… Julie Bargmann embodies an activist approach to practice, seeking out opportunities, challenges, even intractable problems. She has been a provocateur, a critical practitioner, and a public intellectual. She embodies the kind of activism required of landscape architects in an era of severe environmental challenges and persistent social inequities.
She is a Professor of Landscape Architecture at the University of Virginia School of Architecture and the founding principal of the office D.I.R.T. (Dump It Right There). The office focuses on neglected industrial sites or, as she says:
»D.I.R.T. cultivates a perverse attraction and an unapologetic approach to wrecked landscapes.«
The inaugural Oberlander Prize is good news for the global profession and the American community for two reasons. The first is that Bargmann has already produced a body of outstanding works that will hopefully inspire and educate many. Her work for neglected industrial sites is indeed very interesting and, in my belief at least, shows a promising course for the thinking about the development of American landscape architecture.
From a European perspective, landscape architects in the States have since always mastered details, the variety of materials in projects, and the execution quality level has been astonishing in general. But fortunately, we are all more and more aware of the environmental effects and needed resources involved in making material-heavy landscapes, let alone the resources necessary for ‘erasing’ landscapes blank and constructing ‘new’ ones in place. Julie Bargmann talks about ‘modesty’ and says, »No material leaves the site!«.
We’ve seen a couple of offices that practice similar progressive approaches, like Marti Franch, Wagon, Atelier le Balto, Ruderal, Peter Latz and so on. But Bargmann’s projects are unique precisely because of the American context. Looking at her works, it seems she found the fine and incredibly subtle balance between being aware of the American landscape architecture heritage, site’s history, progressive approach to design, and her creative force. I’m not sure I’d call them ‘modest’, but instead ‘careful’. Being careful and at the same time imaginative is a true virtue in our profession. How to design simple but not plain landscapes? I think Marc Tribe wrote something like »Simple gestures, rich experience« in one of his books. In this department, Julie Bargmann excels and shows that the design process needs time. She demonstrates the ability to be careful with the site, the environment, context, meaning, but at the same time consciously daring in creating unique and appropriate situations.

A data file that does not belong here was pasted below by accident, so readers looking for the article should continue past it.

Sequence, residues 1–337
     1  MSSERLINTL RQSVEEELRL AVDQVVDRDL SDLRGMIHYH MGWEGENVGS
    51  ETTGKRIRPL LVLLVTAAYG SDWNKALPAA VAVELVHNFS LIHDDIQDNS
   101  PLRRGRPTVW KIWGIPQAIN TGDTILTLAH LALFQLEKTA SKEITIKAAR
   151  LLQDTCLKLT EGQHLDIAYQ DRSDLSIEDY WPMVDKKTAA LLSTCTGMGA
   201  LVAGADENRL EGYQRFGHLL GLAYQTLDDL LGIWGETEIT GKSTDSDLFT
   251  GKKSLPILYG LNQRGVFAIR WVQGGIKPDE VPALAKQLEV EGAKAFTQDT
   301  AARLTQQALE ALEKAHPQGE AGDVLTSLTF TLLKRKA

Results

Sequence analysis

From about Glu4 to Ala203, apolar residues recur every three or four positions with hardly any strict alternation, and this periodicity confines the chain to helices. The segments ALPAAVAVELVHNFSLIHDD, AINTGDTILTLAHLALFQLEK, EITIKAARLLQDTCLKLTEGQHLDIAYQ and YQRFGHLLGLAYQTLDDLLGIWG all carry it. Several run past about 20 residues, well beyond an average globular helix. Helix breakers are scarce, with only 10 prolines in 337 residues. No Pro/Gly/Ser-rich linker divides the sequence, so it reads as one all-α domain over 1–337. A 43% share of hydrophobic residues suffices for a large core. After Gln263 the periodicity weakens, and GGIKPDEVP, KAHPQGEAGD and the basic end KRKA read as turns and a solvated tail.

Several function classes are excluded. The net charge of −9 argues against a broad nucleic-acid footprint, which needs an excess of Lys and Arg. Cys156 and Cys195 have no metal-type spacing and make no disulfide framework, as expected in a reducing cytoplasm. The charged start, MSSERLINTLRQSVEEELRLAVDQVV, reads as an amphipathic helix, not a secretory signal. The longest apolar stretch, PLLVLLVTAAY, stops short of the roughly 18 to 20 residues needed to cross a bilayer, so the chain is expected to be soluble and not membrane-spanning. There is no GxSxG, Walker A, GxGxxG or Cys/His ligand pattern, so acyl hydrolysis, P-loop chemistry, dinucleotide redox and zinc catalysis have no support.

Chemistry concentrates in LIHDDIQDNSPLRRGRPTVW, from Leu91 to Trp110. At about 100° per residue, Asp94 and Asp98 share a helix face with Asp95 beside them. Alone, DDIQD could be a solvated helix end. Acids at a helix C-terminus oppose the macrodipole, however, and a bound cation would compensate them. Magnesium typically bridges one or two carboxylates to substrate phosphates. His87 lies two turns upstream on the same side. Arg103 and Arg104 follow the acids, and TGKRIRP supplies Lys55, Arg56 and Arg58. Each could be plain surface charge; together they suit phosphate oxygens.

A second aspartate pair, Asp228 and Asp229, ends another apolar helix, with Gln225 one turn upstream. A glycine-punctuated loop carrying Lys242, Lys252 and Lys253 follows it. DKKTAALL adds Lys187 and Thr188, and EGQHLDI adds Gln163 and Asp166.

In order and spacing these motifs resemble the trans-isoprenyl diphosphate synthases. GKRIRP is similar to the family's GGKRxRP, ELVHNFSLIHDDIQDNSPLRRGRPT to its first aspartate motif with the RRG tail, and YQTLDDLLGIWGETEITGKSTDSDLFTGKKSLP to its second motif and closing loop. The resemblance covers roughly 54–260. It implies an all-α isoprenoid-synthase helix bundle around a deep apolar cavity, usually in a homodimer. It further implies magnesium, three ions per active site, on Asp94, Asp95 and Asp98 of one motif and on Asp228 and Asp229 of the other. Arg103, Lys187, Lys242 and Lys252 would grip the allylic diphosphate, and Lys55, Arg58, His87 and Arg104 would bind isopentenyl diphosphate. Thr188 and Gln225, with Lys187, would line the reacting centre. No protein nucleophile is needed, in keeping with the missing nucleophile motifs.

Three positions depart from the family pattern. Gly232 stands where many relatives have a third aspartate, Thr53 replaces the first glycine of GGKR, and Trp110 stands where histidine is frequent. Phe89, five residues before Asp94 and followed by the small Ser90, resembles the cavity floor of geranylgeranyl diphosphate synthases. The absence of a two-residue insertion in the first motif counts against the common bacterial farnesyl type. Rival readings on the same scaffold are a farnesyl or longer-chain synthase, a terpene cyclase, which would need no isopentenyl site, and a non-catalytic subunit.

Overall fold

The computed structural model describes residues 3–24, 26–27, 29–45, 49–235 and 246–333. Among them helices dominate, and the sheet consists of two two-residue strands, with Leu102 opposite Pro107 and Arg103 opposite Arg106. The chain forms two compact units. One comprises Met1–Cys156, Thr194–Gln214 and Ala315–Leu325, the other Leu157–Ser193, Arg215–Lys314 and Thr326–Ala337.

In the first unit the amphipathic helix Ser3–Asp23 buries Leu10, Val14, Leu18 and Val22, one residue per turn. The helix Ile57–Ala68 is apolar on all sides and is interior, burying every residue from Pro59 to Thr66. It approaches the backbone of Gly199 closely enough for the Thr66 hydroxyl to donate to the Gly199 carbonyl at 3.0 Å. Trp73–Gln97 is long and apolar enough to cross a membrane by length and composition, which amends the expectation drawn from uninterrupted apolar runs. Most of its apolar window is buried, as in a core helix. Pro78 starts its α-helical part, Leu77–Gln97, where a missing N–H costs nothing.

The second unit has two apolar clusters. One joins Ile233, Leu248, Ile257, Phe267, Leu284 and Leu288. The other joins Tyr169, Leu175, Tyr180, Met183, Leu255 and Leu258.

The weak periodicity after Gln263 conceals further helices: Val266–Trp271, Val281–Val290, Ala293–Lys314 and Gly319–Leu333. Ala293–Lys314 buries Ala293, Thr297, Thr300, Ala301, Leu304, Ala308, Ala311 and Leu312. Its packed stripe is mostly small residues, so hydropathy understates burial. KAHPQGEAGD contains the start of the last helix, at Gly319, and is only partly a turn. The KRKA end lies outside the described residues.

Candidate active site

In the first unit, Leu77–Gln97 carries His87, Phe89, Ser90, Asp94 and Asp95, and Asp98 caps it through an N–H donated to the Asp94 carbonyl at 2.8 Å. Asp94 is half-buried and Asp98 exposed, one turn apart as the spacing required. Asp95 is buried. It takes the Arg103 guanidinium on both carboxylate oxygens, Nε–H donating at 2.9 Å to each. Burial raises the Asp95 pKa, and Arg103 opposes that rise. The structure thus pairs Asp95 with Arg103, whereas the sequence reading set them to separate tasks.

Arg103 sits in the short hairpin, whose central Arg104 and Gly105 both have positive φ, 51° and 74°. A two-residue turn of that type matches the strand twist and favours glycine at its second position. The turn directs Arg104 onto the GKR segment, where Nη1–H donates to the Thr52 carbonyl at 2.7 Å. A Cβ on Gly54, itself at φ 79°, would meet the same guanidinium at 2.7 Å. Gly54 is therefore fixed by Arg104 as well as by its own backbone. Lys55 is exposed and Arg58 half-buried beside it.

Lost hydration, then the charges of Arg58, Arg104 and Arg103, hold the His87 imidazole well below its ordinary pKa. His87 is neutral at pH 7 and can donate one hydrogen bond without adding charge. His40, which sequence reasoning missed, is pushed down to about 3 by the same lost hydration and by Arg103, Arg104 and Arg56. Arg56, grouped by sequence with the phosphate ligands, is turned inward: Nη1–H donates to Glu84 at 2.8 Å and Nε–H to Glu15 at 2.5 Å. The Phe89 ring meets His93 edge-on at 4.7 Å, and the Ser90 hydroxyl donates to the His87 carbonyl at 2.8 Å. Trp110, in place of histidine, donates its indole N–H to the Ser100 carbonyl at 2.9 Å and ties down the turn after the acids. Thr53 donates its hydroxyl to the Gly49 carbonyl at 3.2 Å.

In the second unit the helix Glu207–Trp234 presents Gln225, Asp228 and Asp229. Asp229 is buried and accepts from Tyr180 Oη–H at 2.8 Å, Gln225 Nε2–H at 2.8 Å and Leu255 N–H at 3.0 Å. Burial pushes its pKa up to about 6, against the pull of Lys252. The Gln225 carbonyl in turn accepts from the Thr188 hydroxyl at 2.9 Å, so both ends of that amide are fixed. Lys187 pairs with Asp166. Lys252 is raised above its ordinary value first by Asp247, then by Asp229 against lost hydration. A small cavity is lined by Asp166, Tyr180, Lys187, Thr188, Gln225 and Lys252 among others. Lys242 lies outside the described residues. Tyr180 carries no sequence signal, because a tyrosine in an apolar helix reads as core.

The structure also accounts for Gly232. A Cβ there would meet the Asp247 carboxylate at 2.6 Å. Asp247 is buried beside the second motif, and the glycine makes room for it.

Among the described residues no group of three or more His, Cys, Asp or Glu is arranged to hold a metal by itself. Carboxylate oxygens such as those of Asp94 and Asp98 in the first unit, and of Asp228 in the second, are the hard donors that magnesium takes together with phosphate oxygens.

I first became aware of Bargmann’s work and thinking during her lecture at the Biennial in Barcelona, where she was very critical of the design for the Highline. She showed their proposal for the site that was much more in spirit with the Highline as found overgrown by the Friends of the Highline and especially as photographed by Joel Sternfeld in the most beautiful possible way. While the Highline as we know it today did contribute to the awareness of our profession, it at the same time represents an attitude we should be leaving behind and acquire a more Bargmann-informed professional credo.
To get to know her a bit more, I recommend watching her lecture at the GSD below. Furthermore, T.C.L.F. produced a couple of videos for the occasion of the award announcement, but they, unfortunately, feature irritating corporate music in the background, which makes them a bit challenging to follow. Other than that, the Award’s team did an excellent job in highlighting pivotal moments in Bargmann’s body of work. Although a bit outdated, D.I.R.T. website offers a glimpse into the work of Julie Bargmann.
The second reason why I think this is good news for our global professional community is that we got a significant award that will be a thrill to follow. Looking at Bargmann’s achievements makes me very curious who the next winner will be in two years.
Congratulations to Julie Bargmann, the jury and the organizers!
Zaš Brezar, editor-in-chief
Main photo: Julie Bargmann, 2021 Oberlander Prize laureate. Photo ©Barrett Doherty courtresy The Cultural Landscape Foundation